The right half is virtually an Abstract Expressionist painting — a skillful example of the kind of gestural art that had dominated American painting for more than a decade. The exception is a female nude, art’s quintessential classical subject, seen down in the very lowest register of the right-hand side.
The nude is on her hands and knees, as if bowing to the abstract painting before her in a gesture of respect for what was then hailed as the modern triumph of American art.
As she genuflects, though, her pose also does something impudent: Head and torso disappearing behind the fleshy pink amplitude of her derriere, she blithely moons the viewer. She’s razzing us.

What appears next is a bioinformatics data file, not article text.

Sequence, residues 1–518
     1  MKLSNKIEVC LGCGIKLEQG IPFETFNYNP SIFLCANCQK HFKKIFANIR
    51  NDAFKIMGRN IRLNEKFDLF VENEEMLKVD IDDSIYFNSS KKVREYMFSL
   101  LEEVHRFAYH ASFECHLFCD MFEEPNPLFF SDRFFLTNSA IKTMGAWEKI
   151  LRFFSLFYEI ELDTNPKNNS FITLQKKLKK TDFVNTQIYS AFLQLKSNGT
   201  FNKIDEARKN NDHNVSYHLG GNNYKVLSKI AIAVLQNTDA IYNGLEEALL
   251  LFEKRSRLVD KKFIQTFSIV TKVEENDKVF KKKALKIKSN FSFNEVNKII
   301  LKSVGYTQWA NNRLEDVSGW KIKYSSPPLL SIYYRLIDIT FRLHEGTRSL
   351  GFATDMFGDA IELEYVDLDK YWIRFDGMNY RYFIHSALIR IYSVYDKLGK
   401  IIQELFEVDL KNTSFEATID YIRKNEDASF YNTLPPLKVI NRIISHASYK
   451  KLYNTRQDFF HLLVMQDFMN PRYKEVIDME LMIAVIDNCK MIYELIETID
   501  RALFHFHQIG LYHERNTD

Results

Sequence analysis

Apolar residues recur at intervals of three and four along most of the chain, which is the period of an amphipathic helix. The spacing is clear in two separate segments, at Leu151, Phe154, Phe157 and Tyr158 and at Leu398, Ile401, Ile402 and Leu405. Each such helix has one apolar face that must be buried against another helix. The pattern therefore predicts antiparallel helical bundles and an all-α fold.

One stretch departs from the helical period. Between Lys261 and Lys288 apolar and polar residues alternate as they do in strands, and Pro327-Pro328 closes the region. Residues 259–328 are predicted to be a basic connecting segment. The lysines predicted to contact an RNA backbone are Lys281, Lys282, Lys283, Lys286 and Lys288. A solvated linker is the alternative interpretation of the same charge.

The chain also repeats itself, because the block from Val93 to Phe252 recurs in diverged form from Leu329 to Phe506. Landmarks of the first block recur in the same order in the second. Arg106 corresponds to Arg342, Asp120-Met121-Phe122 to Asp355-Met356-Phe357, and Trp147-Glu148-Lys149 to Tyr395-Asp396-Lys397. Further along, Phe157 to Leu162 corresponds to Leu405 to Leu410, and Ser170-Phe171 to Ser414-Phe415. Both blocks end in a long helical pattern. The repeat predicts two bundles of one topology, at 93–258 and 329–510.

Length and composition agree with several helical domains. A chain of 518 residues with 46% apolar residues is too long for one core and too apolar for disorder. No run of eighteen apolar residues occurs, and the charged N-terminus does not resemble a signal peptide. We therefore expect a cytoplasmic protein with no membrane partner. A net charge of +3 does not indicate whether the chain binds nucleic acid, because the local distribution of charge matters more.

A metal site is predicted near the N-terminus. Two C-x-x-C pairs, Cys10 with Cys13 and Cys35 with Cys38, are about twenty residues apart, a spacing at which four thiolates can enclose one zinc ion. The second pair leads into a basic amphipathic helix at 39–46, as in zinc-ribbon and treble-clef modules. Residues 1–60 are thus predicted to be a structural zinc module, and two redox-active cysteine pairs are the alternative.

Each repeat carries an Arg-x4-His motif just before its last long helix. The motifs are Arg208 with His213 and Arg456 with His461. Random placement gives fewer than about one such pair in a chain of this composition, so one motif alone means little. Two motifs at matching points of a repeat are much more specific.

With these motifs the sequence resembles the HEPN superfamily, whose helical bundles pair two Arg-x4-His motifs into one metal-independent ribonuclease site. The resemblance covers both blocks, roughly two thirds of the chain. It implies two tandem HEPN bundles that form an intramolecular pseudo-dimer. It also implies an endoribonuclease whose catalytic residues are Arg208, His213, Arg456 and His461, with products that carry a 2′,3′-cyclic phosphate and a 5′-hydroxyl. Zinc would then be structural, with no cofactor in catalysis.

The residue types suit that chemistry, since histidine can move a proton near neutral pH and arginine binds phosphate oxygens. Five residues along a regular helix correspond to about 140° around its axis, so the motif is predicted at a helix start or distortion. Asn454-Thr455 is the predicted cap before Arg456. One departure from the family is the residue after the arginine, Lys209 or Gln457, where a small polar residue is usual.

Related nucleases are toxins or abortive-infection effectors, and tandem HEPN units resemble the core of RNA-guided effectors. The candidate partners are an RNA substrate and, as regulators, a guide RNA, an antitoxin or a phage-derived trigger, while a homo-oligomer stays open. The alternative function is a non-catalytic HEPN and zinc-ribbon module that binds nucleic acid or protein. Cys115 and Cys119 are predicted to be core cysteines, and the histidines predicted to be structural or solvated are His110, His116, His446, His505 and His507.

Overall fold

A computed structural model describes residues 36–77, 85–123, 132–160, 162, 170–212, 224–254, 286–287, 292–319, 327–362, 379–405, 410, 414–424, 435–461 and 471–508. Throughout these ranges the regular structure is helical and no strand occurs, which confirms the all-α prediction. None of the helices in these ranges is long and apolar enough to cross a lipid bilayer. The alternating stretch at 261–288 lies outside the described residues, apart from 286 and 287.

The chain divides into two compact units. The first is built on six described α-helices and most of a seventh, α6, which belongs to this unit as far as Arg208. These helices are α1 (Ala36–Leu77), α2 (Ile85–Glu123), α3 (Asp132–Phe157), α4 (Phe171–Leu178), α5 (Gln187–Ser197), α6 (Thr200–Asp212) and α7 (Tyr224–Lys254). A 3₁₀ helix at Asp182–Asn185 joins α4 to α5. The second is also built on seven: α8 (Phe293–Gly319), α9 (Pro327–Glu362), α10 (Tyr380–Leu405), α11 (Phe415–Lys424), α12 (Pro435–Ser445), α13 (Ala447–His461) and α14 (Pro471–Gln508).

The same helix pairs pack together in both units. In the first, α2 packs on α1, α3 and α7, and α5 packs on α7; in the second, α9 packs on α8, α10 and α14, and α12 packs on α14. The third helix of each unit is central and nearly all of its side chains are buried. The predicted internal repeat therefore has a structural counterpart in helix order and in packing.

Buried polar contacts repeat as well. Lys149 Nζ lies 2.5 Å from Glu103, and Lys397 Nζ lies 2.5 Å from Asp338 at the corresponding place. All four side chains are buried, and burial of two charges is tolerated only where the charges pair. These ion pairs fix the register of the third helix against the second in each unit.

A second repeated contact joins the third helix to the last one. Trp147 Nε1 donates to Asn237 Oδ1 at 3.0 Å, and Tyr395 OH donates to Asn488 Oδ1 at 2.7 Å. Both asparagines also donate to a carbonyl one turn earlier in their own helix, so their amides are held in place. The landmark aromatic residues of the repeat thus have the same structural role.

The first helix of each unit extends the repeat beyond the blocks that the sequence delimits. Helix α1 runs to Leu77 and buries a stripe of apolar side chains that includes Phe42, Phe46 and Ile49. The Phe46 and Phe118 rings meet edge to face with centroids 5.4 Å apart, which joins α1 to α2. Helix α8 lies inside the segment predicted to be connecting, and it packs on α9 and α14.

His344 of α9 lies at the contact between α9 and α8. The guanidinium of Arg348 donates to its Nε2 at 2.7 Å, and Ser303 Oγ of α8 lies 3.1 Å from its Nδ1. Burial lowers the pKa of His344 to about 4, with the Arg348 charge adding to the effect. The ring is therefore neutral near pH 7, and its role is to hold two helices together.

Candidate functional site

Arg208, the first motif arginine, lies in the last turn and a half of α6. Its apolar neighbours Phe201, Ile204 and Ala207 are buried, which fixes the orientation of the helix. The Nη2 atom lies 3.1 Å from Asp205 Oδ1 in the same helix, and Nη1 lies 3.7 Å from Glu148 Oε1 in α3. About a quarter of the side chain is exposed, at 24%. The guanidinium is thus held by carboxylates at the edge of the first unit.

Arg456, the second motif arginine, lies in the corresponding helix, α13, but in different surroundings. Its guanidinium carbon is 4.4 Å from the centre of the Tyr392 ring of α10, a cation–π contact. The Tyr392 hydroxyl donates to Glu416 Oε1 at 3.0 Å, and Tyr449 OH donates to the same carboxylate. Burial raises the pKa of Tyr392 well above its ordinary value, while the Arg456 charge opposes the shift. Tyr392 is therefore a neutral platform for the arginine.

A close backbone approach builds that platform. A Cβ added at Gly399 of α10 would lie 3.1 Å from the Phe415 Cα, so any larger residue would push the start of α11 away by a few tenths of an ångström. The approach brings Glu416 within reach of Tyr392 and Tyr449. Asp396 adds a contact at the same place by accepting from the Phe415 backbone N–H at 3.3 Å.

Smart, sassy and very funny, Brown’s great painting is her “Luncheon on the Grass.” Édouard Manet’s similarly sized 1863 masterpiece was a keystone in the revolution of Modern art. Invoking that, Brown’s palpable ambition is thrilling.
She lays out the genuine struggle underway between abstract and figurative painting — especially but not only in Northern California, a birthplace of the Abstract Expressionist movement and home to the contrary Bay Area Figurative style. She is fully versed in the exertions of the skirmish between them, while asserting — not just with vigor but with lacerating humor — that, in the face of it, she intends to do as she darn well pleases.
That’s avant-garde art’s birthright. Her painting stakes out territory.